The University of Waterloo has inadvertently shared the personal information—including names, student numbers, email addresses, and banking information—of some students to a mailing list of 2,000. CBC reports that 15 emails distributed to the list included private information. “Three of the emails included some more personal information including one that had some bank information and two that had either a home or a mailing address,” said UWaterloo Director of Media Relations Matthew Grant. The Waterloo Region Record adds that the university launched an investigation into the breach and notified the affected students. Ontario’s privacy commissioner was also notified, says the RecordCBC |Waterloo Region Record (ON)

“Slap on the wrist” for harassers compromises institutional ethics: Legal scholars

A forthcoming paper co-authored by two legal scholars out of the US argues that the “absence of serious sanctions for faculty harassers is associated with ‘antiprevention syndrome,’ which renders comprehensive prevention impossible.” Colleen Flaherty reports that the paper, which accompanies a 2017 analysis that surveyed 300 cases of faculty-student harassment, focuses on the organizational implications of institutions’ reticence to impose discipline upon faculty harassers. In addition to a proposed rubric of sanctions that range from “light” to “heavy,” the paper recommends that institutions should better engage with accusers. Flaherty also notes that the paper puts forward its recommendations as part of a “public health approach” that could also prevent “similar harms arising from other forms of discriminatory harassment.” Inside Higher Ed (International)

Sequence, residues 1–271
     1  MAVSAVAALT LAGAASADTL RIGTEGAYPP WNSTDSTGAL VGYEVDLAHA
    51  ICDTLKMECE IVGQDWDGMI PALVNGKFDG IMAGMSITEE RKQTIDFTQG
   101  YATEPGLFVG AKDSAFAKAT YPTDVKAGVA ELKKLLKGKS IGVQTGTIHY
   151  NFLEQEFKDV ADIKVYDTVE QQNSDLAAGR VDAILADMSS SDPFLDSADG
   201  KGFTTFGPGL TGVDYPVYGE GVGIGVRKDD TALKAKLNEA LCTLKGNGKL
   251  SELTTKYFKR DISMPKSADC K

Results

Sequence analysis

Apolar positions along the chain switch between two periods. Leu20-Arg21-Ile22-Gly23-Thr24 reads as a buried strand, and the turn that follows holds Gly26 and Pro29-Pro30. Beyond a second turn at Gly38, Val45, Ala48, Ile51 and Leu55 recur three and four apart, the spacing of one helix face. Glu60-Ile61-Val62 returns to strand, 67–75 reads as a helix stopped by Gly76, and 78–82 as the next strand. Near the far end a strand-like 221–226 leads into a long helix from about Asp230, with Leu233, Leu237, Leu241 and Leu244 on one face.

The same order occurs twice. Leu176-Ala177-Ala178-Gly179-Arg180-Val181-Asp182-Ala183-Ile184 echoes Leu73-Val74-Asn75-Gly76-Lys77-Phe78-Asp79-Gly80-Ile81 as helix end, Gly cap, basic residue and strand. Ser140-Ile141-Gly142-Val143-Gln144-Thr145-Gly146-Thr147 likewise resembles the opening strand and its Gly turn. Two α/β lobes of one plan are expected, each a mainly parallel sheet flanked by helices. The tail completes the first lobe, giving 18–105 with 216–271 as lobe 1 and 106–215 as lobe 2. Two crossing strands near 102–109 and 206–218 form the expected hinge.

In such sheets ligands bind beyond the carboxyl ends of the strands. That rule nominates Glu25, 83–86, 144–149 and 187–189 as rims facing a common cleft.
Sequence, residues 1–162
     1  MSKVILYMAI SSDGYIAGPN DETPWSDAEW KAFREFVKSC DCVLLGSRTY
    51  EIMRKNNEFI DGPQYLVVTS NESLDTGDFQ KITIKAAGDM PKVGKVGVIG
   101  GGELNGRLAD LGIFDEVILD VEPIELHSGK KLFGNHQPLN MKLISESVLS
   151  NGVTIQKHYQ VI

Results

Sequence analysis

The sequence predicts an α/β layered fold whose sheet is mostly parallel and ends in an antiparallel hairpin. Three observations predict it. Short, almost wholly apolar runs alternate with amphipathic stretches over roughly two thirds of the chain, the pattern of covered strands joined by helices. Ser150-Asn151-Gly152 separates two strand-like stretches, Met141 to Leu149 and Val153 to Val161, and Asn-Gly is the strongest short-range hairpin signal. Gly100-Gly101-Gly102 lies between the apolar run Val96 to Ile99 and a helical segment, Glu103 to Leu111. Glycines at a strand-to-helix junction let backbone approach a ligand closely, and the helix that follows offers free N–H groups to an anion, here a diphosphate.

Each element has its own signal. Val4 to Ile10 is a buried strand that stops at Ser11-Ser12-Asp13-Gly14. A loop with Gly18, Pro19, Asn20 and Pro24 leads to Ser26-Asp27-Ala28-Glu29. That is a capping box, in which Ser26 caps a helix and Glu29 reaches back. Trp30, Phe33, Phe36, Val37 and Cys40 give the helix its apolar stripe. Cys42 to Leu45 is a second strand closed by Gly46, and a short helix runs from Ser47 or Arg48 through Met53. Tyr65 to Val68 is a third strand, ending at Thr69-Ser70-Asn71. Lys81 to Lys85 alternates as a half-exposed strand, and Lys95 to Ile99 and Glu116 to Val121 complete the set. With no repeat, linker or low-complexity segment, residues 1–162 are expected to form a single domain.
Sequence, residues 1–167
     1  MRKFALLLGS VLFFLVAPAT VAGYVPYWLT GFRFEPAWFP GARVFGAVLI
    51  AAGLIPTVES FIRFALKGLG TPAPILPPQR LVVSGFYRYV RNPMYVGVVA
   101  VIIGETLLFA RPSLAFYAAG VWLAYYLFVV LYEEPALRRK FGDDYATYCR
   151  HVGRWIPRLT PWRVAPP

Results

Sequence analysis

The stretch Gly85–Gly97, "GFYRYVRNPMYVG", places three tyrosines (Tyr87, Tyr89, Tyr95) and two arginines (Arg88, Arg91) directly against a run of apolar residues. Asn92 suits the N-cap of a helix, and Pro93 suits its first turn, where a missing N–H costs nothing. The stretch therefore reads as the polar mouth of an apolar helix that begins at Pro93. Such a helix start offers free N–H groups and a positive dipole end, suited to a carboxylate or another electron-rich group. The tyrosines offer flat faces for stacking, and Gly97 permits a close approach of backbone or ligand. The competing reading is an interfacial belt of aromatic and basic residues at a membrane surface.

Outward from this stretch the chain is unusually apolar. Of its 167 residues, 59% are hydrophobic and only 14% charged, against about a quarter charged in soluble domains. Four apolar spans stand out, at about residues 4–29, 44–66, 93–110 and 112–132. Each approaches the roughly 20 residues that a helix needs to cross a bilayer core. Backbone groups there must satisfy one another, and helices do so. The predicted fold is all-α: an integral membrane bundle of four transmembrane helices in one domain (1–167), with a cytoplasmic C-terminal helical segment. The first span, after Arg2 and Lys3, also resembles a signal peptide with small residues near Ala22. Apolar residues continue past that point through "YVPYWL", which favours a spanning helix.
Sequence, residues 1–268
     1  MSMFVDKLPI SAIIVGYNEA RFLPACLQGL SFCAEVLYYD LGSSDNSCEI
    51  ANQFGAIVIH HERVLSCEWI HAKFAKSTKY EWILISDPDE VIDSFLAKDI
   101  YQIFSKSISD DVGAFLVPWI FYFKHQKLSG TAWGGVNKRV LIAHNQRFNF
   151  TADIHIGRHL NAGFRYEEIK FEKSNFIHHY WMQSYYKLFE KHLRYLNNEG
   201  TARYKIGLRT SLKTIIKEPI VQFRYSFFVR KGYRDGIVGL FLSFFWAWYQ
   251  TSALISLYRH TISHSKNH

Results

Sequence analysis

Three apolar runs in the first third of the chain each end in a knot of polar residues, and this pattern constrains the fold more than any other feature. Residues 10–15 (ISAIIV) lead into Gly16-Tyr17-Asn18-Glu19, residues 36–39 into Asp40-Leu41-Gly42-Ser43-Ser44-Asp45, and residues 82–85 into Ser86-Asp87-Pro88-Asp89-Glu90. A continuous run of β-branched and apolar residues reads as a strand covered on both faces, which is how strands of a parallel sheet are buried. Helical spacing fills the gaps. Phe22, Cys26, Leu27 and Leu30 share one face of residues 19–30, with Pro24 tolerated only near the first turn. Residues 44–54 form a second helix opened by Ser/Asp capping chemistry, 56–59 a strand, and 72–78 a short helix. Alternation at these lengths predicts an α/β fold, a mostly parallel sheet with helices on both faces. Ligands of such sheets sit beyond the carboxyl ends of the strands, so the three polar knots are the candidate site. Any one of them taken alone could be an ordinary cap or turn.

New course at UNB tackles performance anxiety

A new course at the University of New Brunswick will focus on overcoming performance anxiety. CBC reports that UNB Conservatory Coordinator Mark Kleyn will teach the course, which consists of both lectures and practical instruction. Kleyn noted that up to 60% of people pursuing a music degree experience performance anxiety. In some cases, sufferers might quit music altogether or move into less competitive areas. “The older you get, the more invested you are in the activity and it becomes more attached to your identity,” explained Kleyn, “so you see the anxiety spike once people start going to music school and start doing it professionally.” CBC (NB)

Selkirk, COTR partner with Columbia Basin Trust for bolstered offerings, student experience